Tuesday, January 19, 2010

Child Labor

At some point in the future, I would like to think that my boys will eventually move out and be able to survive for more than a couple days by themselves. Judging by their current lack of self-sufficiency, though, it's difficult for me to imagine anything besides them wandering around aimlessly, wondering what to do about the dirty laundry that is piling up, the scum on the toilet, and the sensation of hunger that just doesn't seem to go away no matter how many times they think about food.

I will be the first to admit that my almost-a-control freak personality, lack of patience, and high expectations don't help the situation. I know that there are simple chores that they should be expected to do without me having to ask, but for me, having to watch someone else do a crappy job cleaning a bathroom or washing a pan in a weird way is a painful, anxiety-inducing experience.

They're good about cleaning up their own dishes and keeping their rooms clean, but I figured it was time to start expecting more. So, after I pulled a load of towels out of the dryer, I plopped the basket on the floor and asked Charlie to fold them. This seemed like the perfect job because since they're just towels, I could have cared less how they were folded. Really. It doesn't matter. Just fold them any old way. After all, no one is going to come bursting through the door to check how the towels are folded, so who cares how they're folded? Not me, that's for sure.

Okay, the truth is that all of the towels in this particular load just get hung up on hooks anyway, so they don't even need to be folded. I am actually really picky about how the towels are folded before they go on shelves, but there's no way in hell I'd expect my kid to understand why this is important to me. After all, I don't even understand.

Charlie was watching football and perfecting his half-sitting/half-laying down posture on the couch, and when I asked him to fold the towels he looked at me like I had obviously been smoking something. He eventually managed to rise from the couch, approach the basket, and then attempted to fold the towels while using body language that said, "I regret having the use of my arms."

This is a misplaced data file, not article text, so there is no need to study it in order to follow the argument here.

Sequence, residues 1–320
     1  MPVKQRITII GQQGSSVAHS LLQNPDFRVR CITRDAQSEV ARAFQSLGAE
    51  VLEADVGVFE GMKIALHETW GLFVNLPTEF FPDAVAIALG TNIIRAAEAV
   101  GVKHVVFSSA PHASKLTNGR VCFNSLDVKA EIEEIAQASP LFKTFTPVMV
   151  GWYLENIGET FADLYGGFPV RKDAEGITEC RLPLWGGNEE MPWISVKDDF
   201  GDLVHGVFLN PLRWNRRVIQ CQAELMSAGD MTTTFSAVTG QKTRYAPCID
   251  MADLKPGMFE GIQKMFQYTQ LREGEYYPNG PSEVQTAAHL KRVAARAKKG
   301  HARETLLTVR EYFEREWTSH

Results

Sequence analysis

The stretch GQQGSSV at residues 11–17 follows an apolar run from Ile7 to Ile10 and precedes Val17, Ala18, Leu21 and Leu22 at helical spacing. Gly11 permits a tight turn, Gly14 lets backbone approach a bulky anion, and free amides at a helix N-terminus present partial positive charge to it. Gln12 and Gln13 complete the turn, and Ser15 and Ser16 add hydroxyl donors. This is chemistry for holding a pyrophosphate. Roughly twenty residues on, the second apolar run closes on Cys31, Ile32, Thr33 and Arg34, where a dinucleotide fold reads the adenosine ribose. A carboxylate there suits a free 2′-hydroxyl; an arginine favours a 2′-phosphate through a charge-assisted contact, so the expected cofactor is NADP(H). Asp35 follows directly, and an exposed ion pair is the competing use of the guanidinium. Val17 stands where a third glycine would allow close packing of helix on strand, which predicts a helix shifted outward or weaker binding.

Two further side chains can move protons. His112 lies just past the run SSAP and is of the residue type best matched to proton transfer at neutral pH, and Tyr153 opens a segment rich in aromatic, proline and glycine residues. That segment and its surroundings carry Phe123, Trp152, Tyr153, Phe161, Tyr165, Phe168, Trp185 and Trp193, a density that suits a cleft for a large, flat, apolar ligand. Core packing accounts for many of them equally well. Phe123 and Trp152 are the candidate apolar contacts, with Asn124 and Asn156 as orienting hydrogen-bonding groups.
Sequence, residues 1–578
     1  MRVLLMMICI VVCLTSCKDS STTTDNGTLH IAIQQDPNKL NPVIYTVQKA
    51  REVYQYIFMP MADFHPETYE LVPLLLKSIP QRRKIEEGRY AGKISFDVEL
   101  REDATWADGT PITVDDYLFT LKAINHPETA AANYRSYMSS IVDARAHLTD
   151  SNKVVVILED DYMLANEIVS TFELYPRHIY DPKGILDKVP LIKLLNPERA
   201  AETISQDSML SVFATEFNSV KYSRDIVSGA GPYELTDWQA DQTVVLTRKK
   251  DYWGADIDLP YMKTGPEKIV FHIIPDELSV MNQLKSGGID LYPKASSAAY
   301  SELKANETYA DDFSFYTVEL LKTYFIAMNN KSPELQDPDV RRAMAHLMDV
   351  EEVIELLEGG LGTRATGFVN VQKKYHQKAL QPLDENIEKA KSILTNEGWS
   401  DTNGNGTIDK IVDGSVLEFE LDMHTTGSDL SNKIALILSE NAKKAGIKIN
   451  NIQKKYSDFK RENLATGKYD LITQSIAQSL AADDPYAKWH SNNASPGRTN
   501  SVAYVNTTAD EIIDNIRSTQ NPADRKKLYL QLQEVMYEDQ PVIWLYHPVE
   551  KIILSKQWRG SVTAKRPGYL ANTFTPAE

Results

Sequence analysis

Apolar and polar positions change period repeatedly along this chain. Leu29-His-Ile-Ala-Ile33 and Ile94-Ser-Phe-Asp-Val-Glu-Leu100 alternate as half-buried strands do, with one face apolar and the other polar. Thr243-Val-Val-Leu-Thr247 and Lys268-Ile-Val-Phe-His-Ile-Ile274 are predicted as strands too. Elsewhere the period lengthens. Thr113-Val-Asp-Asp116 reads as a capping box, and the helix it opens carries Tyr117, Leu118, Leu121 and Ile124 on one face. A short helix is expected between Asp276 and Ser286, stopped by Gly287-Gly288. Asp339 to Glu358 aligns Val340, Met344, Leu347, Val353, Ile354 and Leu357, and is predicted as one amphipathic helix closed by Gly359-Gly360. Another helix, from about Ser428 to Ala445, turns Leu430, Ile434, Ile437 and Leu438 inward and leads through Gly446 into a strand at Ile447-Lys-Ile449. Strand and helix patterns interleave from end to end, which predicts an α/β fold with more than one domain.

Meanwhile, I sat on the couch and tried to ignore the beads of sweat that were forming along my hairline. It wasn't the fact that a blind person using only his feet would have done a better job, it was the way he was acting. It was like I said: "Hey Charlie. Do me a favor and walk two miles to the chicken coop, grab a chicken, hack off its head, pull out the feathers, take out the guts, and make me some soup. And while the soup is simmering, fold these towels."

After I watched him for a minute or so I couldn't stand it, so I started laughing. I had to laugh, otherwise I would have looked like a crazy person having a fit of anger over towels. I ended up just folding the things myself before I hauled them upstairs and hung them on the hooks where they belonged. Yes, I could have just done this to begin with and avoided this whole confrontation, but then Charlie would have missed out on learning the valuable lesson of: If I do a crappy job and complain enough, then mom will just laugh at me for a little while and eventually just do the job herself, and probably never ask me to do that job ever again.


Anonymous said...

Looks to me like Charlie has mastered the Graba male household chore skills attitude successfully,congrats. MOM

JSH said...

Reading this was like reading the expression of my own thoughts! Well done!

JSD said...

I thought I was alone in this.

ES said...

Folded in thirds so no edges show and then half and half...hotel style. How hard is that to do? That's what I tell my toddler...and husband, anyway.

Diane Kelly said...

The woman read my mind again. Especially love the half-sitting, half-lying down posture. Sometimes I think my boys are jellyfish. Really.